Washington officials are focusing more on the technological aspects of classrooms as digital media continues to evolve.
A recent Associated Press report said Education secretary Arne Duncan and Federal Communications Commission chairman Julius Genachowski are encouraging schools nationwide to distribute digital textbooks to their students within five years.
In an interview with the news source, Duncan said the advantage of new technology is that it will replace heavy book bags and textbooks that cost anywhere from $50 to $70 and are often out of date.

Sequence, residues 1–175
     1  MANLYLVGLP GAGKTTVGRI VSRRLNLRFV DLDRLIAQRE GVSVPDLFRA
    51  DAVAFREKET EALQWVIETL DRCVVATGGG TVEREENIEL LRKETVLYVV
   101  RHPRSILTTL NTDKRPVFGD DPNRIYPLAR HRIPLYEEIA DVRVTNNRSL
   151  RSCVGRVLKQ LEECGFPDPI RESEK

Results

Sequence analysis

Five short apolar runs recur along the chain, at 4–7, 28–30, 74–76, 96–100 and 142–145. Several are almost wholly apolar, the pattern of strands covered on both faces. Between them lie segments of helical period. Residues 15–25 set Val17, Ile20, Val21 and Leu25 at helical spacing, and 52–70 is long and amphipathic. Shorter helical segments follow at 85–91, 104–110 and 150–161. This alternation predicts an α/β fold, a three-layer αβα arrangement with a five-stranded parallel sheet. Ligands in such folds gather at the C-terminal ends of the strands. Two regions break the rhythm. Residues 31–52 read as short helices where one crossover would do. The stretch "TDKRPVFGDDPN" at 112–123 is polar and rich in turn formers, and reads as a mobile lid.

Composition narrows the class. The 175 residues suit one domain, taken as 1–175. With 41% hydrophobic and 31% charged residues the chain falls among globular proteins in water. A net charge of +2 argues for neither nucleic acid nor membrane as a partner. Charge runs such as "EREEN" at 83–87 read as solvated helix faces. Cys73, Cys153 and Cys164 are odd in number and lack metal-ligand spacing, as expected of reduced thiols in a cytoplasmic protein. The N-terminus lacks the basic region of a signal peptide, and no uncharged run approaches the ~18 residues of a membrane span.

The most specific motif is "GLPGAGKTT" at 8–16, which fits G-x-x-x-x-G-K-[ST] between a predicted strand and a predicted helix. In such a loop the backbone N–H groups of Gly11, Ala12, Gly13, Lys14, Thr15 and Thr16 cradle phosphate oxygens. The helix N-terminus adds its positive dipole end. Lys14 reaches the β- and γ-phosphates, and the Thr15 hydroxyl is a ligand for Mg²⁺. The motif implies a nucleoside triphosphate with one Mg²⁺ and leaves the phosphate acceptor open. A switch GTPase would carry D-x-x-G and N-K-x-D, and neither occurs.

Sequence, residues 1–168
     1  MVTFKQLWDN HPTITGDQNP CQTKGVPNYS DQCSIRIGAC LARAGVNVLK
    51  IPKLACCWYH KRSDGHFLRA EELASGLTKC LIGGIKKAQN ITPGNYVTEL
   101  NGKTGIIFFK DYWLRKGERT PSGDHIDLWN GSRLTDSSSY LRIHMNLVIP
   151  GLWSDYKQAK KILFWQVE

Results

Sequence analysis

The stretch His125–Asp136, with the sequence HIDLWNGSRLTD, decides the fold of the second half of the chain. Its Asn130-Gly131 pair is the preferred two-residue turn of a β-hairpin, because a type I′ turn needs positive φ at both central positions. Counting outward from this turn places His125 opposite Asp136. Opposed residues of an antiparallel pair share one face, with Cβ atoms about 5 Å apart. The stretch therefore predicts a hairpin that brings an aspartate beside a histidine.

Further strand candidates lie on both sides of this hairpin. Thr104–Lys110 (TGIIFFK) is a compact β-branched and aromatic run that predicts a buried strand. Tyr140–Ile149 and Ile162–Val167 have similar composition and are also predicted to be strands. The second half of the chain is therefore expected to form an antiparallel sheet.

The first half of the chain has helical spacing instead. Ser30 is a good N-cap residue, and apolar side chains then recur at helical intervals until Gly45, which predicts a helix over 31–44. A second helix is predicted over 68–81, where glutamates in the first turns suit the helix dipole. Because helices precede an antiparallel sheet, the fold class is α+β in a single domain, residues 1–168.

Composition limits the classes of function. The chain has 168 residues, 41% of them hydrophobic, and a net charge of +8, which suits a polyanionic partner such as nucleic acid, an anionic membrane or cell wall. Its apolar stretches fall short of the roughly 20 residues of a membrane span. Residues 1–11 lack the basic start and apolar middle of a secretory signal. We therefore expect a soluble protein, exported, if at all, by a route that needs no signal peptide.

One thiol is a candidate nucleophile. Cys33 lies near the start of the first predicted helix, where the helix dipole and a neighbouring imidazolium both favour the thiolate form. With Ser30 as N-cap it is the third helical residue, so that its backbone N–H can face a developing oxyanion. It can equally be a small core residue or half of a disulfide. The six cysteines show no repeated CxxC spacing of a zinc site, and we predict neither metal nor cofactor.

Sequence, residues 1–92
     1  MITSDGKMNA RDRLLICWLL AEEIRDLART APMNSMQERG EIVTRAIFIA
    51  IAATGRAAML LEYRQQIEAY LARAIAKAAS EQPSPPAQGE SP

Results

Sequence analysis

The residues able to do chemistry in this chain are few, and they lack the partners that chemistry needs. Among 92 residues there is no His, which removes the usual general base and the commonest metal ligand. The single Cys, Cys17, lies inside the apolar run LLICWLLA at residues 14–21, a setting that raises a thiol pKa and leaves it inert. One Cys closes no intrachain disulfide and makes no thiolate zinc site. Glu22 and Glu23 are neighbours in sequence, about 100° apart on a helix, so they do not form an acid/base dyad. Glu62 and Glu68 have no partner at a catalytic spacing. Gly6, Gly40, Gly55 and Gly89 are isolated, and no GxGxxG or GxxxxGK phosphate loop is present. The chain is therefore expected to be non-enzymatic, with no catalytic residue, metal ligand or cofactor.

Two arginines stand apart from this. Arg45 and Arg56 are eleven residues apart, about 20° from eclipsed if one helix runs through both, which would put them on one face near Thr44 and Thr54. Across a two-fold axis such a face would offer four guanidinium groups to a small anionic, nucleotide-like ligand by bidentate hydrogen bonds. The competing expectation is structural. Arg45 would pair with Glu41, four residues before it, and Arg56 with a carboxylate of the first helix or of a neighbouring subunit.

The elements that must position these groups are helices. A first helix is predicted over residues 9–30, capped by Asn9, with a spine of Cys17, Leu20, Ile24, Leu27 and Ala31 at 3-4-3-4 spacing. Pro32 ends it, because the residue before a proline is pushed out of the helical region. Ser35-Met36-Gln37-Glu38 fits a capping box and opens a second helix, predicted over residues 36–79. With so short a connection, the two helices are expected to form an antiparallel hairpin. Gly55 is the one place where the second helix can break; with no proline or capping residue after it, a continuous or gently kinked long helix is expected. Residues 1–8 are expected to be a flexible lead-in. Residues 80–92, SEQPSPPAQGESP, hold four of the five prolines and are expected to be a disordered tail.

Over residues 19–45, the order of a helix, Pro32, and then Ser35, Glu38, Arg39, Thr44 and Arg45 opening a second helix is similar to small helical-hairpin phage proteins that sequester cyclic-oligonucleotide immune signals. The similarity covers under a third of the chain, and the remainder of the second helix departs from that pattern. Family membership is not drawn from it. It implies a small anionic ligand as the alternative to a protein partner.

"Or, do we want students walking around with a mobile device that has much more content than was even imaginable a couple years ago and can be constantly updated?" Duncan said to the AP. "I think it's a very simple choice."
There is other helpful classroom technology available that can boost educational standards. For example, a document camera, an interactive whiteboard or an HDMI projector can provide students with unique learning experiences that are not found in a standard textbook.
Genachowski also told the AP that U.S. schools must improve their technology adoption to keep up with other countries, such as South Korea.